World Bank approves US$3.5 Million to help reduce youth un-employment in St. Lucia

ST. LUCIA – The World Bank’s Board of Directors has approved a US$3.5 million zero-interest credit to increase youth employment in Saint Lucia by providing private sector-driven training.

The OECS Skills for Inclusive Growth Project will improve the knowledge and skills of beneficiaries to help youth transition to the labor market. The project will be implemented by the Ministry of Education and the National Skills Development Centre (NSDC). It is the first phase of a regional program that is open to other countries in the region.

“This project will assist the Government of Saint Lucia to improve the competitiveness of the economy by providing youth with the skills, training and know-how sought by employers,” said Caroline Anstey, World Bank Director for the Caribbean. “Better education and training will allow young people to take advantage of the opportunities presented by a globalizing and growing economy.”

Recent economic expansion in the region provides Saint Lucia and other Caribbean countries with an opportunity to broaden the gains to youth. Youth unemployment in Saint Lucia was 39% in 2005 compared to 13% for the workforce as a whole. Recent World Bank data estimates that bringing youth unemployment down to the levels of the whole workforce would increase GDP by 1.3 percent. It would also help to reduce youth crime and violence which is negatively impacting economic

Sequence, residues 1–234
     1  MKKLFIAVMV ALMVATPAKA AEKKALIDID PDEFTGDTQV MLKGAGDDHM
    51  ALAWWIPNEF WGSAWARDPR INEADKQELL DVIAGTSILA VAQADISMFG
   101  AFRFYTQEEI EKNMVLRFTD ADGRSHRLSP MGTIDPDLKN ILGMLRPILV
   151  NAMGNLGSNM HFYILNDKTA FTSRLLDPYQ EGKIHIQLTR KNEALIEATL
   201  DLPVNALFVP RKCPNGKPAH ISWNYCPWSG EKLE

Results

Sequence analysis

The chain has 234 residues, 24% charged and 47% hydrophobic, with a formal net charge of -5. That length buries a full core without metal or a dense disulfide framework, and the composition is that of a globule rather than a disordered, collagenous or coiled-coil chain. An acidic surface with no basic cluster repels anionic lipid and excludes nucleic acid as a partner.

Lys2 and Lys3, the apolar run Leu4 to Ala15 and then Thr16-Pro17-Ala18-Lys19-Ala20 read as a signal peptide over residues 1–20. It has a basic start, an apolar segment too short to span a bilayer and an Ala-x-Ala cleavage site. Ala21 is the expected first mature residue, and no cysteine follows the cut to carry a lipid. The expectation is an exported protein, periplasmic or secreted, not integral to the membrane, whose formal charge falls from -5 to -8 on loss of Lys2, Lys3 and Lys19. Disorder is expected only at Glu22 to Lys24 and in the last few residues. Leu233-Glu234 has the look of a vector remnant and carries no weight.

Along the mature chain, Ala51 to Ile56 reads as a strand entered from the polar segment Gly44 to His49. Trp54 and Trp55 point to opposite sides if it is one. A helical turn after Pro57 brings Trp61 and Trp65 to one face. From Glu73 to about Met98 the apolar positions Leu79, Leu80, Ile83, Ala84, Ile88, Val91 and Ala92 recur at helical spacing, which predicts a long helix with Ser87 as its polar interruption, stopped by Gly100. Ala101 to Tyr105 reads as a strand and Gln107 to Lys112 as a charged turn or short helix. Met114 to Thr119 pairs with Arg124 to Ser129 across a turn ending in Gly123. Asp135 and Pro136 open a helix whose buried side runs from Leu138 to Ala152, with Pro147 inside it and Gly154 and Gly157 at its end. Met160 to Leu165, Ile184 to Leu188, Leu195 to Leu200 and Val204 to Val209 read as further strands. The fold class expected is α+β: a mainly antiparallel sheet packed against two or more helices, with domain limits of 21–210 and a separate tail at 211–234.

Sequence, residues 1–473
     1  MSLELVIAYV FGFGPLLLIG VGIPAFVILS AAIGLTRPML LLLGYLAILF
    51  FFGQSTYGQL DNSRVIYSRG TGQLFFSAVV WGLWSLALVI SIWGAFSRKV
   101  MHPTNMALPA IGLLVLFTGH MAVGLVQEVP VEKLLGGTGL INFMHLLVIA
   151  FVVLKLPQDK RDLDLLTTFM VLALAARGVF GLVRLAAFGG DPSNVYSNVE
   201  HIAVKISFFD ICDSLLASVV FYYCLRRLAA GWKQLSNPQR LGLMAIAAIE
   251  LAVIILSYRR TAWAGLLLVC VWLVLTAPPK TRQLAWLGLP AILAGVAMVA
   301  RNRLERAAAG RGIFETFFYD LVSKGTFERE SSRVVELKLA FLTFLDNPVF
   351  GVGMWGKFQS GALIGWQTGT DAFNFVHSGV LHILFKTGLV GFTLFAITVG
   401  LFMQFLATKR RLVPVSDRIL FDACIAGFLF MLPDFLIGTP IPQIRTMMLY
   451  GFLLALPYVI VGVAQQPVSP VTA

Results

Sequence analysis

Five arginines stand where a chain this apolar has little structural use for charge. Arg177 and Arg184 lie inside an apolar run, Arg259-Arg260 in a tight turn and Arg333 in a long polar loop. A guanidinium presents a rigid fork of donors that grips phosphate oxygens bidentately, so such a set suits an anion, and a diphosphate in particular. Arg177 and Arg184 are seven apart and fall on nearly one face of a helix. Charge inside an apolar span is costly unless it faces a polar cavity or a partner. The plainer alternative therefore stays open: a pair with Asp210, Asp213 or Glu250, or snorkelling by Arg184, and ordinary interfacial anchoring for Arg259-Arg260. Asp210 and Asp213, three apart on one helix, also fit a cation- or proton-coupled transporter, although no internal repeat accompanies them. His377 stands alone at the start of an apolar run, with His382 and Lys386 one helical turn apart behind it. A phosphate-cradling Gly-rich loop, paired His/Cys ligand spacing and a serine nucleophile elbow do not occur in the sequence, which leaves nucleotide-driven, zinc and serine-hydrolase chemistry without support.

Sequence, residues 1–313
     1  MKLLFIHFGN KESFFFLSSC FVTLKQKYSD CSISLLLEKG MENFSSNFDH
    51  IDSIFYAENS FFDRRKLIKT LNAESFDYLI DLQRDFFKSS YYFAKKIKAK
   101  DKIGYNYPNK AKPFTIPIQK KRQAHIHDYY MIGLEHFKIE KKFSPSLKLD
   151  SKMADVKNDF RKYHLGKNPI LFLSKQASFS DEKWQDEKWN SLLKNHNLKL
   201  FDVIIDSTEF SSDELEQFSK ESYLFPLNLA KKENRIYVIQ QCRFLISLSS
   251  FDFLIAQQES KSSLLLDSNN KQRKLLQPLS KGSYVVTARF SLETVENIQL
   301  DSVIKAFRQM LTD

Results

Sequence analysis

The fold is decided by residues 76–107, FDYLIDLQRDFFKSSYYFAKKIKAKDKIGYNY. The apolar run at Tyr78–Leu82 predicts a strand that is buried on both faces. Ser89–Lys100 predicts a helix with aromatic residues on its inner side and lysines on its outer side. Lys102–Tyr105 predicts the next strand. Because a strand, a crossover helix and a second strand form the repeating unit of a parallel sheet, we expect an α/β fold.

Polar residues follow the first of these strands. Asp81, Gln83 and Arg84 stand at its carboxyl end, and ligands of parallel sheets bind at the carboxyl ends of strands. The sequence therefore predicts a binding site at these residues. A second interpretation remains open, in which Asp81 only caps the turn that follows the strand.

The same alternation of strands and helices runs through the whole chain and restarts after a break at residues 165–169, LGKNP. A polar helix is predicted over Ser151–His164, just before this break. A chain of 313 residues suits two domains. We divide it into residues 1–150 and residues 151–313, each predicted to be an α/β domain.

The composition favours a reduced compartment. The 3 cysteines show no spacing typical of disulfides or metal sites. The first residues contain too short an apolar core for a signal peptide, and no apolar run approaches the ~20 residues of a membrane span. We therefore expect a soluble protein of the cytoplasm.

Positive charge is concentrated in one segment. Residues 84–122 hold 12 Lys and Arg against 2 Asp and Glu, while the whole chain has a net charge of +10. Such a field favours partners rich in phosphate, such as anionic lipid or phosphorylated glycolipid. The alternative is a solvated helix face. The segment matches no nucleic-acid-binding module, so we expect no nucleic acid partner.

Specifically, the project will support the following activities:

– Increasing the levels of training for unemployed youth through the establishment of a competitive training scheme that finances private sector-driven training. This component will subsidize training of approximately 1,850 unemployed youth and their placement in traineeships with private firms to gain on-the-job experience.

– Developing an improved policy framework for delivering training. This component will enhance OECS collaboration for training to reap the benefits of economies of scale, introducing occupational standards to increase the quality and value of training.

– Strengthening the institutional capacity of the National Skills Development Centre and the Ministry of Education to better implement, monitor, and plan training.

– “Improving provision of a skilled labor force in areas relevant to the economy will enhance investment outcomes,” said Andreas Bloom, World Bank task manager for the project. “Additionally, public- private partnerships such as this showcase how public funds can efficiently leverage private resources.”

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